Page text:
Next, they discuss the first four issues of Summer Pierre’s Pencil Paper Life. This is Pierre’s ongoing collection of diary comics that she began keeping back in 2013. Each issue is a series of the creator’s occasional observations, reflections, and personal accounts that mostly follow a standard nine-panel grid. These comics explore her life as an artist, memories linked to pop-cultural signposts, her efforts in negotiating varying social terrains, and especially her joys — as well as her struggles — in being a mother.

Finally, the guys wrap up with Katriona Chapman’s KatZine. At the time of the recording there are so far seven issues that have been released, and this title stands out from Fawkes’s and Pierre’s in several ways. First, KatZine is more of a single-author anthology, with there being a variety of entries, including several regular features (including “Sergio Talk!,” “Local Business,” “Featured Plant,” and “Fears and Loves”). It’s also different in that the comic is a mix between straight-out comics and prose-heavy pieces. In other words, this is a zine in the more traditional sense. But KatZine also stands in contrast to Greek Diary and Paper Pencil Life in that it’s not entirely autobiographically based. There are a few pieces collected among the seven issues that are clearly fictional in nature. What’s more, in some of her more recent issues Chapman expresses her interests in melding life writing with fiction, an impulse that she is apparently carrying into her first graphic novel.

Please help support these independent creators by visiting their websites and buying their comics:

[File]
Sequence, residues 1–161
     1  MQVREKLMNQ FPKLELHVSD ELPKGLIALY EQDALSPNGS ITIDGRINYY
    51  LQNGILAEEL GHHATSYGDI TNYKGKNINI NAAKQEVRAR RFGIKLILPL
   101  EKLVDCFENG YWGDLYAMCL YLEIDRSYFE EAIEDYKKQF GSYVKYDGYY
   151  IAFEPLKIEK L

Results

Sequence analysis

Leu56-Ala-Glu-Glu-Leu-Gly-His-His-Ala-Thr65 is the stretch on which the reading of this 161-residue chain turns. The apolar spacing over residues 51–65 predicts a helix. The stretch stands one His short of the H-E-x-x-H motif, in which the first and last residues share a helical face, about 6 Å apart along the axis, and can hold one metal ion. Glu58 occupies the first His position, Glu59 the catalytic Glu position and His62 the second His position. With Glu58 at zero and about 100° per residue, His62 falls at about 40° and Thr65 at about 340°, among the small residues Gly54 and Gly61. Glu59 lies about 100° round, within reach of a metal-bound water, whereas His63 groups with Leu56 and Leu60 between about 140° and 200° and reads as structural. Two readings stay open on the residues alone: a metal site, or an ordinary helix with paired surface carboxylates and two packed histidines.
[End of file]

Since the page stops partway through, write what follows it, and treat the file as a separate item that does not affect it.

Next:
Comics Alternative Interviews: Hope Larson and Rebecca Mock

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Time Codes:

  • 00:25 – Introduction
  • 02:31 – Setup of interview
  • 03:11 – Interview with Hope Larson and Rebecca Mock
  • 54:00 – Wrap up
  • 57:40- Contact us

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Sailing Takes Me Away…

On this interview episode, Gwen and Derek are pleased to have as their guest the creators behind the Four Points books, Hope Larson and Rebecca Mock. The second (and perhaps final) work in the series, Knife’s Edge, comes out this week from Farrar, Straus and Giroux, and your two highly credentialed cohosts talk with the creators about the new book and follow up to last year’s Compass South. Over the course of their conversation Rebecca and Hope discuss the genesis of the project, their process for collaboration, the research that went into the two books, and the evolution of the various characters that populate their narrative. They even tease a little bit about their yet-unannounced new collaboration that’s completely separate from the Four Points series.